[LAU] Sample rate vs. SNR

Len Ovens len at ovenwerks.net
Thu Jan 24 21:51:41 UTC 2013

On Wed, January 23, 2013 11:53 pm, Florian Faber wrote:
> On 01/23/2013 11:10 PM, Len Ovens wrote:
>> [..]
>> I would suggest that any PCI(e) card that has ADC/DACs on the card is
>> less
>> than a great quality card, even dealing with sample clock (or power) on
>> the card seems less than optimal. For audio quality, it seems FW, USB
>> and
>> ethernet _could_ give better results if designed right.
> You seem to forget that the main problem is not transporting the audio
> data, but interact with other equipment. And there are only so many
> protocols to do that. Also you have a lot of real world problems like
> clock distribution or simply broken implementations (it really doesn't
> work pointing fingers at the broken end of a signal chain if 'other
> devices *do* work'). In a studio or broadcast environment, reliability
> is the main concern. The interfaces you have listed are ancient (MADI is
> 25 years old!) and there simply was nothing the like available at that
> time.

MADI (or ADAT) are as you say, audio transport protocols. For that purpose
they are fine, and it seems come for free... or if they don't come for
free, the ADC/DAC does. (There seem to be a number of FW/USB Audio IFs
that have not only have 8 channels of audio in and out of the computer,
but also ADAT i/o... all for the same price as a PCI(e) ADAT only card)
Both MADI and ADAT make sense if they are used as a transport medium.

I think however, when they are used as a computer interface method they
stop making sense. There is a digital snake available (Black Mamba) that
uses cat5 cable to join the ends and the ethernet protocol to transfer
data. It sends sync over the same cable just the same as other digital
audio transports. Because it is layered on top of the net, things are a
bit easier to see. It is very hard to get stable sync out the second end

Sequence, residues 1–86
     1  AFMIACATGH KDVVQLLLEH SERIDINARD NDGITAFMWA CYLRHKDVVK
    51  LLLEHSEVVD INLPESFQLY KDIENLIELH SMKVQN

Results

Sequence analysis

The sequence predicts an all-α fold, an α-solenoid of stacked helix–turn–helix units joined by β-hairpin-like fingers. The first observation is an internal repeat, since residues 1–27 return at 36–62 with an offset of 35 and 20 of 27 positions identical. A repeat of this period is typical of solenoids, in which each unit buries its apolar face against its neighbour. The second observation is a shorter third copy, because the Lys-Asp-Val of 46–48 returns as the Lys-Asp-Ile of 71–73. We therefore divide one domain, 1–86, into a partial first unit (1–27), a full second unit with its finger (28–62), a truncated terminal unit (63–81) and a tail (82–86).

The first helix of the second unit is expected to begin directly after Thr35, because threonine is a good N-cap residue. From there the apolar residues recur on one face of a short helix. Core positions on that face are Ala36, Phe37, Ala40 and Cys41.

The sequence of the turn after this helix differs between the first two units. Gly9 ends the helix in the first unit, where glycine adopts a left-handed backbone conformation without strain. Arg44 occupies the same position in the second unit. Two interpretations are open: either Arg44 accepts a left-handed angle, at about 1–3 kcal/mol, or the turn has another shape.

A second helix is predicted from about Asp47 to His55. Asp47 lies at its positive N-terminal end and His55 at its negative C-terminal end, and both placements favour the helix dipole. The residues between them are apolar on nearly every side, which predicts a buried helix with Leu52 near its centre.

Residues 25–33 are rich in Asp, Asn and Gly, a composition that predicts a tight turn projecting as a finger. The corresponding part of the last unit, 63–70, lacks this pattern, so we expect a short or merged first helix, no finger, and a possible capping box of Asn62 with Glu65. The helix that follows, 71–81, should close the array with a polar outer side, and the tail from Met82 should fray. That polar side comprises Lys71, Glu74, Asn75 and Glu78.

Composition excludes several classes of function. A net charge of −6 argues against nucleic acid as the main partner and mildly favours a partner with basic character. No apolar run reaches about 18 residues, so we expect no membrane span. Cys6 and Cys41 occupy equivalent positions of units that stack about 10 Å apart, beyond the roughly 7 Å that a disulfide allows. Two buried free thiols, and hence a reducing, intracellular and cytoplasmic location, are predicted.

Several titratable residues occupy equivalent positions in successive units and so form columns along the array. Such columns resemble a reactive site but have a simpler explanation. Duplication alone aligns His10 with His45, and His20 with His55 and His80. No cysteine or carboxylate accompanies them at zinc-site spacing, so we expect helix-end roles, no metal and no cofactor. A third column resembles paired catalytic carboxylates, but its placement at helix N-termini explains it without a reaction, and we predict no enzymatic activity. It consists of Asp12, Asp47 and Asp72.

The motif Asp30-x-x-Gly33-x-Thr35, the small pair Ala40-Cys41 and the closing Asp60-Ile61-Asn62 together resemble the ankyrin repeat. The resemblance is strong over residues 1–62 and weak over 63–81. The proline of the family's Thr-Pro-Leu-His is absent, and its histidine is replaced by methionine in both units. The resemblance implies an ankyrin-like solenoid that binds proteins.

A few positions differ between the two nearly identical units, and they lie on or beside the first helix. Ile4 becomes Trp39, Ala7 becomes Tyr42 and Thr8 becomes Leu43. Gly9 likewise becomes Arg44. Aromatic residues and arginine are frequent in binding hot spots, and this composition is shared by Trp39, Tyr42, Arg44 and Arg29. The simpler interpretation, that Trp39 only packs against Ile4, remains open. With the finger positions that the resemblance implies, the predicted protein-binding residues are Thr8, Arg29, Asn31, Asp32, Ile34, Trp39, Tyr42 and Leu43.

and takes a lot of CPU time to do so. Someone has used it in this manner
(look up jack mamba with google) and was able to build a jack backend that
would talk with it. It used a lot of CPU and it was hard to get a low
jitter sync, but in case of the use transport was a major part of the need
and so the cpu load was considered acceptable.

I think if one computer was dedicated to act as an end of the transport
and deal with just the sync and data, the cpu load would be less... or not
really matter (it wouldn't matter because it would be constant load as
audio lines don't change in load for transport) A second Ethernet
connection could go from that box to the computer that was generating
signal or recording it. That second link does not have to have sample sync
as it just sends 32 or 64 sample packets that are reasonably in time and
so the cpu load would be less. Also, the general running of the computer
would have less impact on the audio.

What I am trying to say, is that transport protocols are not the best
thing for computer interface use. I think sync should be totally external
to the computer box (though it may/will have it's own dedicated computer).
I am not sure that ethernet is the best thing either, but, it is
available, cheap, and easy to hack. Netjack does give a usable interface
protocol that spans OSs and (so far) I have found it to be stable. I think
though the future is in USB3 (unless something else shows up real quick)
as it effectively brings the PCIe bus outside of the computer case.

The problem in the past with the PCI bus has been it's flexibility. Each
audio card was interfaced to the PCI bus in a different manner and so each
had a different driver. AC97 and HDA are attempts standardize the audio
interface, but really USB1.1 and USB2.0 audio standards are a bigger step
in the right direction than they appear (from looking at Linux support for
these devices). It might be interesting to use USB3 with the HDA chipset
and a good set of ADC/DACs on top of that. I don't know how much
intelligence would be needed in such a box.... Or if it would just work
with the HDA driver.

Just a note on external sync/clock. The TV stations have been doing it for
years, Master sync with failover to hot backup goes to every video source
in the building (Our sync was colour black). Cable lengths (includes the
length from the video source to the switcher as well) were all the same
(or had delays to look that way) to make things line up. The problems with
jitter from long cables don't go away from adding sync to the computer
interface, they just get worse. Learning to deal with external sync is the

> Tell you what: Assemble a system that is able to distribute 64ch audio
> data transparently and an AES conforming word clock via ethernet between
> two nodes using open standards and today's equipment, and we'll see if
> it is cheaper than a MADI setup. You get bonus points if it runs on Linux.
> I am not trying to defend MADI, but trying to put things a bit into
> perspective. The price argument will change things rapidly in the near
> future. But I'm not sure it does today.
> Flo
> --
> Machines can do the work, so people have time to think.
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Len Ovens

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